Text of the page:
Sinn Féin MLAs who claimed almost £700,000 in expenses 'did nothing wrong'
Sinn Féin MLAs who claimed almost £700,000 in expenses for research from a company run by the party's finance managers did nothing wrong, the Assembly Commission has found.
It also cleared the party of wrongdoing in paying office rent to three cultural societies.
Police examined allegations made in two BBC Spotlight programmes aired in 2014. Sinn Féin denied doing anything wrong.
Spotlight could not establish what the societies were or who was behind them.
A BBC spokesperson said: "We stand by our journalism. We believe the investigation was of significant public interest."
The TUV leader Jim Allister, who tabled a series of questions arising out of the programmes, has said confirmation that the commission found the payments were for "admissible expenditure" is "remarkable".
The assembly said it had no comment to make on Mr Allister's press statement.
One of the BBC programmes reported that 36 Sinn Féin MLAs claimed about £700,000 in total through Stormont expenses to pay Research Services Ireland (RSI) over a 10 year period.
However, the programme-makers were not able to find any evidence of research that had been carried out by RSI and one Sinn Féin MLA was reported to have said they had never heard of the company until they saw it on their annual expenses.
Mr Allister asked the Assembly Commission how much of the money had been recovered.
The Assembly Commission, which runs Stormont, is chaired by the speaker and includes MLAs representing the five main parties.
In its reply, the commission said its review "confirmed that payments for research services, as reported in the programme, were made for admissible expenditure up to and including the 2012/13 financial year".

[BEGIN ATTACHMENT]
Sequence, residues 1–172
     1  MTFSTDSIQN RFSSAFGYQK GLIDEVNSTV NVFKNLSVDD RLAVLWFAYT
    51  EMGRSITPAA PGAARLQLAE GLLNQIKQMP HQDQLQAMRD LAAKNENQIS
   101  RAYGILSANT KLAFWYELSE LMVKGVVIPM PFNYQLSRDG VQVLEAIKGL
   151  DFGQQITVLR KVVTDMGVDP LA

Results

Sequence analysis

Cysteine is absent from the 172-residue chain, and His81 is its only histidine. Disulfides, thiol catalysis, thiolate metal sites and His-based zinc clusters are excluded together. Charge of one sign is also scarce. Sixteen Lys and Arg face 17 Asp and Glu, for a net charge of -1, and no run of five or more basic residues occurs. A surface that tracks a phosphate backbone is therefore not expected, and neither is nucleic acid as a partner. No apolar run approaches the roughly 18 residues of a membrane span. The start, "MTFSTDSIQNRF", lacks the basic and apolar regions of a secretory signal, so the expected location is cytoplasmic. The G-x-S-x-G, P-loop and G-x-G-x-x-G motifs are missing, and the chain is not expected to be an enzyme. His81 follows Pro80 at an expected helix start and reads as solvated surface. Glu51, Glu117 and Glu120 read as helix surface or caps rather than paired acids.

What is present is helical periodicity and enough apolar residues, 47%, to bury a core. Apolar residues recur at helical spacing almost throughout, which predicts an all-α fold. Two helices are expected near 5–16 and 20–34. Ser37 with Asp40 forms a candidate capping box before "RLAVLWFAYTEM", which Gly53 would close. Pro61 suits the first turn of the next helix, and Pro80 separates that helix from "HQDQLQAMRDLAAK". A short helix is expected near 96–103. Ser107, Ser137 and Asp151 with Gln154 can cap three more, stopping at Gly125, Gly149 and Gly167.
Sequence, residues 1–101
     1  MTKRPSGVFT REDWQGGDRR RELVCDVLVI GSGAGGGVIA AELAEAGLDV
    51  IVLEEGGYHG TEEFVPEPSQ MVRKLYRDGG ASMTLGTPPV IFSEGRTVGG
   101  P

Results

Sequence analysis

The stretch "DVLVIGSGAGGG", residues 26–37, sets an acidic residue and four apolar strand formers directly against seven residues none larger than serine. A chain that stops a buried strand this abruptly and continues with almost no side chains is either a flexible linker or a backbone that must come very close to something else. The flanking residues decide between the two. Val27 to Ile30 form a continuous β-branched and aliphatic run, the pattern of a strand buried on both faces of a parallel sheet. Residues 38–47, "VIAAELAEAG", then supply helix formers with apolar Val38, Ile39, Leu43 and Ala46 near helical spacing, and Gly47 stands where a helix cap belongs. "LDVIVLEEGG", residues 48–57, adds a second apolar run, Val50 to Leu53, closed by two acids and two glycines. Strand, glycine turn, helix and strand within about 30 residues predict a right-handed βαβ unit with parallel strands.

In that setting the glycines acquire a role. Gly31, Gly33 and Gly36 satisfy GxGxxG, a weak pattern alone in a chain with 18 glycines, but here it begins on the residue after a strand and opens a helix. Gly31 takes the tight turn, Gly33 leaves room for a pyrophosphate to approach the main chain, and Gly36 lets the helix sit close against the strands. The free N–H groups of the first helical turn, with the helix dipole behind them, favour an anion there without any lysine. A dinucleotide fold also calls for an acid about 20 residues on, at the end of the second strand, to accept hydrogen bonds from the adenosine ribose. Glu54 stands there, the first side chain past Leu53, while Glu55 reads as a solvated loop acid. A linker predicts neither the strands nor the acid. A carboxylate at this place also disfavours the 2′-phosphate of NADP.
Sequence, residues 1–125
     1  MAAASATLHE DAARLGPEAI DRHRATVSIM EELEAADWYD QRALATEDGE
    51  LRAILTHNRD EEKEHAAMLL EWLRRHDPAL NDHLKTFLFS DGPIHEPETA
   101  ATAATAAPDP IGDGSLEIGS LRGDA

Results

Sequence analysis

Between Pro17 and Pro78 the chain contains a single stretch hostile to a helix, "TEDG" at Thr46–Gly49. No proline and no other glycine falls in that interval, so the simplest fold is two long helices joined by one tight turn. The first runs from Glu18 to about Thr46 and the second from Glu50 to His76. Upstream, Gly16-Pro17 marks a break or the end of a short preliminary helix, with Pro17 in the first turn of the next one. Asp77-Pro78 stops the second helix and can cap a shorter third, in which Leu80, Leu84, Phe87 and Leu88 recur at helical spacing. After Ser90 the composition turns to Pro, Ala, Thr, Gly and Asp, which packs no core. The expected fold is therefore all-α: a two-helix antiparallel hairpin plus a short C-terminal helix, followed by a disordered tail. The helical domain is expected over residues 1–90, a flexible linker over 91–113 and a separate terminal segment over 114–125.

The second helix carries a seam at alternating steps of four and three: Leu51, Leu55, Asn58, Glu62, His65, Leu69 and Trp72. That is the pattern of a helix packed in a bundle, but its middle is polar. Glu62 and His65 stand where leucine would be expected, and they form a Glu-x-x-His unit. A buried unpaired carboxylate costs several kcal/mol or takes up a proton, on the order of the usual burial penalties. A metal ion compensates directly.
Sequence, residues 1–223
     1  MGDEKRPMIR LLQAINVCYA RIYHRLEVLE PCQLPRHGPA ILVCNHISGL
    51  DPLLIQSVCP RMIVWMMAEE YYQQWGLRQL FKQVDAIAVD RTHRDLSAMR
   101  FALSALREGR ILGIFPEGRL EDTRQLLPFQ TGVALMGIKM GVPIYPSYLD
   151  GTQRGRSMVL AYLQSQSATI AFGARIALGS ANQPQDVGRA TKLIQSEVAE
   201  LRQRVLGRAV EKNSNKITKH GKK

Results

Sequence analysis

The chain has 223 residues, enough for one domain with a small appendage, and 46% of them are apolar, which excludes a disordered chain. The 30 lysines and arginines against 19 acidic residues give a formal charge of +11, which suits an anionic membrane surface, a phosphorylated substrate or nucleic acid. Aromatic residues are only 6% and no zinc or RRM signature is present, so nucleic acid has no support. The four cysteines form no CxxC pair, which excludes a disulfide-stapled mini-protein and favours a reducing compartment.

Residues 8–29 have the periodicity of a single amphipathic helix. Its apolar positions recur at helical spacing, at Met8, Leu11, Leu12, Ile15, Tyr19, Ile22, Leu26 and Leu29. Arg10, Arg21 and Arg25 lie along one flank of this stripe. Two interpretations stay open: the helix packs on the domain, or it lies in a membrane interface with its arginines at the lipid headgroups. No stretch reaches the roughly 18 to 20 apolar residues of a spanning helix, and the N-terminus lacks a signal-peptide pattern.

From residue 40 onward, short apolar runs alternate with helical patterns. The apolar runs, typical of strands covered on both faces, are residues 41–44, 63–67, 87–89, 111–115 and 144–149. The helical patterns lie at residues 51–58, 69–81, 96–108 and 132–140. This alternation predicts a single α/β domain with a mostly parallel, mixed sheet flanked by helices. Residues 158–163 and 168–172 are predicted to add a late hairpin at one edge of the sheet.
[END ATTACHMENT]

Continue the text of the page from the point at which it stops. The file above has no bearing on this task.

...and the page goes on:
"As such, no recovery has been sought," it added.
"No payments to Research Services Ireland for work undertaken after 31 December 2012 have been made as a result of changes to the system of financial support for members that were introduced by the Independent Financial Review Panel from 1 January 2013."
Asked about the payment of rent to cultural societies, the commission said its review confirmed the money was for "admissible expenditure" adding that "as such, no recovery has been sought".
Mr Allister also asked about the disclosure that former DUP assembly speaker William Hay's Office claimed more than £4,000 for heating oil in one year.
The Assembly Commission said "the judicial process is on-going".
A former Sinn Féin MLA, Davy Hyland, also told Spotlight that a party expenses claim form for mileage, amounting to almost £5,000, was signed without his knowledge.
Mr Hyland does not drive and said he knew nothing about most of the mileage claimed on his behalf.
The commission found the claim had not been processed "and as such no recovery was required".
It added that the PSNI had concluded the matter should not be referred to the Public Prosecution Service.
Mr Allister called the Assembly Commission's findings "bizarre".
He said: "The Assembly Commission has now confirmed that none of the £700,000 claimed by Sinn Féin MLAs and paid to Research Services Ireland has been recovered by the assembly, in spite of the BBC finding that no evidence of research carried out by the company could be produced.
"More bizarre still is confirmation that the assembly did not seek to recover any of the rent paid by Sinn Féin MLAs to what the BBC found to be non-existent 'cultural societies' because a review of the Spotlight allegations 'confirmed that payments for rent, as reported in the programme, were made for admissible expenditure. As such, no recovery has been sought'.
"It is remarkable that the assembly would take such an attitude with tax payers' money without explaining how they reached the view that the expenditure was 'admissible'."